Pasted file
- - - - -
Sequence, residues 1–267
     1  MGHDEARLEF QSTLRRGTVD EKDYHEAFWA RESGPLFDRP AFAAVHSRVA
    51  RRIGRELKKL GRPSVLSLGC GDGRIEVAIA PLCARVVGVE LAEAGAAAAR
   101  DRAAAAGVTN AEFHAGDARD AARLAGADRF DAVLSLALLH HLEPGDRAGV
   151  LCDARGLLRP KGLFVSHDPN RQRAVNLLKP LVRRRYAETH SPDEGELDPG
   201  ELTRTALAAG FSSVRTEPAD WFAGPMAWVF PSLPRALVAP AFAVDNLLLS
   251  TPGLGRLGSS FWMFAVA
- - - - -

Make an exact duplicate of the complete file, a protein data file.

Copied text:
Sequence, residues 1–267
     1  MGHDEARLEF QSTLRRGTVD EKDYHEAFWA RESGPLFDRP AFAAVHSRVA
    51  RRIGRELKKL GRPSVLSLGC GDGRIEVAIA PLCARVVGVE LAEAGAAAAR
   101  DRAAAAGVTN AEFHAGDARD AARLAGADRF DAVLSLALLH HLEPGDRAGV
   151  LCDARGLLRP KGLFVSHDPN RQRAVNLLKP LVRRRYAETH SPDEGELDPG
   201  ELTRTALAAG FSSVRTEPAD WFAGPMAWVF PSLPRALVAP AFAVDNLLLS
   251  TPGLGRLGSS FWMFAVA